Furcifer's Personal Name List

Abaddon
Gender: Masculine
Usage: Biblical
Other Scripts: אֲבַדּוֹן(Ancient Hebrew)
Pronounced: ə-BAD-ən(English)
Rating: 80% based on 2 votes
Means "ruin, destruction" in Hebrew. In Revelation in the New Testament this is another name of the angel of the abyss.
Abraxas
Gender: Masculine
Usage: Egyptian Mythology, Gnosticism, Popular Culture
Other Scripts: ΑΒΡΑΞΑΣ(Greek)
Pronounced: ə-BRAK-səs(English)
Rating: 80% based on 2 votes
From a word thought to have originated with the Gnostics or the Egyptians, found on many amulets during the last years of the Roman Empire. Abraxas was used by the Basilideans, a Gnostic sect of the 2nd century, to refer to the Supreme Being or god whom they worshipped; they believed it to be a name of power because it contained the seven Greek letters which, computed numerically, equal the number 365 (the number of days in the year). However, older mythologists placed Abraxas among the Egyptian gods, while some demonologists cite him as a demon with the head of a king and serpents forming his feet. He has been represented on amulets with a whip in his hand. The mystic word abracadabra is supposedly derived from his name (itself perhaps derived from Aramaic avra kedabra "what was said, occurred" or "I will create as I speak"). Many stones and gems were cut with his capricious symbolic markings, such as a human body having a fowl's or lion's head, and snakes as limbs, which were worn by the Basilideans as amulets. Gnostic symbols were later adopted by many societies devoted to magic and alchemy, therefore it is likely that most "abraxas-stones" made in the Middle Ages that contained kabbalistic symbols were talismans.

According to some sources this was an alternative name of one of the four immortal horses of the Greek sun god Helios. It was used by author J. K. Rowling in her 'Harry Potter' series of books for a minor character, the grandfather of Draco Malfoy.

Achlys
Gender: Feminine
Usage: Greek Mythology
Other Scripts: Αχλυς(Ancient Greek)
Pronounced: AY-klis, AK-lis, ak-LOOS
Means "death-mist, mist-over-eyes" in Greek. In Greek mythology Achlys was the personification of misery and sadness as well as daemon of the "death-mist", i.e., the clouding over of the eyes preceding death. She was portrayed on the shield of Heracles as a pale, emaciated wraith of a woman, covered in tears, blood and dust.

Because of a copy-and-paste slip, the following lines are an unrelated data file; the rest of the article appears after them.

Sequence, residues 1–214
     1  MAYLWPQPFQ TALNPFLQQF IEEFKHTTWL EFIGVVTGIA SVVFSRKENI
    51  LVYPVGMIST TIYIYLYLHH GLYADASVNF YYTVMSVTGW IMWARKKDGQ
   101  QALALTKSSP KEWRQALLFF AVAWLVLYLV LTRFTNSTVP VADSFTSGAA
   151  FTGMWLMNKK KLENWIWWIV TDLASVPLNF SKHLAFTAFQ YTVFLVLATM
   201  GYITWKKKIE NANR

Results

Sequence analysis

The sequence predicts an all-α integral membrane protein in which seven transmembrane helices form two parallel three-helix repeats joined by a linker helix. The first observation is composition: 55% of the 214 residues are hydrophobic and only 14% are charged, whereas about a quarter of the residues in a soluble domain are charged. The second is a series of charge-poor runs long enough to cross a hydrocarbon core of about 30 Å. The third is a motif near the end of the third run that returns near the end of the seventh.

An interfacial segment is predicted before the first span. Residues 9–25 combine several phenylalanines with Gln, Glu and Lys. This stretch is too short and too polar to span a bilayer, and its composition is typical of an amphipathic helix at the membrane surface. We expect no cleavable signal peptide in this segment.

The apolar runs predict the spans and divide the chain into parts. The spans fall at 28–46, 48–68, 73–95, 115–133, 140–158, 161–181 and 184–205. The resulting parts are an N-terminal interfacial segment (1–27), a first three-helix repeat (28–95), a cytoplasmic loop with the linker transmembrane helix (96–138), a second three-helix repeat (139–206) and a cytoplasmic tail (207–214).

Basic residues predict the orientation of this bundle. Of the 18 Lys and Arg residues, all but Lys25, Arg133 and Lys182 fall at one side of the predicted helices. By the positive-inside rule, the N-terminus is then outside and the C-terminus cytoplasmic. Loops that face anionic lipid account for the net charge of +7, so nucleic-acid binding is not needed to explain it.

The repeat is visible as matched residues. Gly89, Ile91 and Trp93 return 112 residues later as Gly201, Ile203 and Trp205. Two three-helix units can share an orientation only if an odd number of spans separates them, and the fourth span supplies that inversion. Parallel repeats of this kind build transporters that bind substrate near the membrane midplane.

Angerona
Gender: Feminine
Usage: Roman Mythology
Pronounced: an-geh-RO-na(Latin) an-jə-RO-nə(English)
Rating: 75% based on 2 votes
Possibly from Latin angor "strangulation, torment" or angustus "narrow, constricted". Angerona was the Roman goddess of the winter solstice, death, and silence.
Antiphonus
Gender: Masculine
Usage: Greek Mythology (Latinized)
Other Scripts: Ἀντίφονόν(Ancient Greek)
Latinized form of Greek Ἀντίφονόν (Antiphonon), derived from Greek ἀντίφονος (antiphonos) meaning "in return for slaughter" or "in revenge for blood", from ἀντί (anti) "in return for; for the sake of, for" and φόνος (phonos) "murder, slaughter; blood shed in murder, gore". In Greek legend Antiphonus was one of the sons of the Trojan king Priam.
Apate
Gender: Feminine
Usage: Greek Mythology
Other Scripts: Απάτη(Ancient Greek)
Rating: 85% based on 2 votes
Directly taken from Greek aπάτη, meaning "scam, cheat". Apate was the personification of deceit in Greek Mythology. She was the daughter of Nyx, the personification of night.
Atropos
Gender: Feminine
Usage: Greek Mythology
Other Scripts: Ἄτροπος(Ancient Greek)
Rating: 80% based on 2 votes
Means "inevitable, inflexible" in Greek, derived from the negative prefix (a) combined with τρόπος (tropos) meaning "direction, manner, fashion". Atropos was one of the three Fates or Μοῖραι (Moirai) in Greek mythology. When her sister Lachesis decided that a person's life was at an end, Atropos would choose the manner of death and cut the person's life thread.
Azrael
Gender: Masculine
Usage: Judeo-Christian Legend
Rating: 85% based on 2 votes
Variant of Azriel. This was the name of an angel in Jewish and Islamic tradition who separated the soul from the body upon death. He is sometimes referred to as the Angel of Death.
Belladonna
Gender: Feminine
Usage: Literature, Medieval Italian
Rating: 85% based on 2 votes
From Italian bella "beautiful, fair" and donna "lady". This is the name of an extremely poisonous plant (Atropa belladonna; also bears the popular name of deadly nightshade). The author J. R. R. Tolkien used it as a hobbit name in 'The Lord of the Rings' (1954), where it belongs to the mother of Bilbo Baggins.
Charon
Gender: Masculine
Usage: Greek Mythology
Other Scripts: Χάρων(Ancient Greek)
Pronounced: KEHR-ən(English)
Rating: 75% based on 2 votes
Possibly means "fierce brightness" in Greek. In Greek mythology Charon was the operator of the ferry that brought the newly dead over the River Acheron into Hades.
Chernobog
Gender: Masculine
Usage: Slavic Mythology
Rating: 80% based on 2 votes
Means "the black god" from Slavic cherno "black" and bogu "god". Chernobog was the Slavic god of darkness, evil and grief.
Crimson
Gender: Masculine & Feminine
Usage: English (Rare)
Pronounced: KRIM-sən, KRIM-sin
Rating: 85% based on 2 votes
Derived from English crimson, the name for a strong, bright, deep purplish-red color. The English word is ultimately derived from Arabic qirmiz. It is originally the color of the dye produced from a scale insect, Kermes vermilio, but the name is now also used as a generic term for those slightly bluish-red colors that are between red and rose.

As a given name, Crimson has been in use since the late 1800s.

Cronus
Gender: Masculine
Usage: Greek Mythology (Latinized)
Other Scripts: Κρόνος(Ancient Greek)
Pronounced: KRO-nəs(English)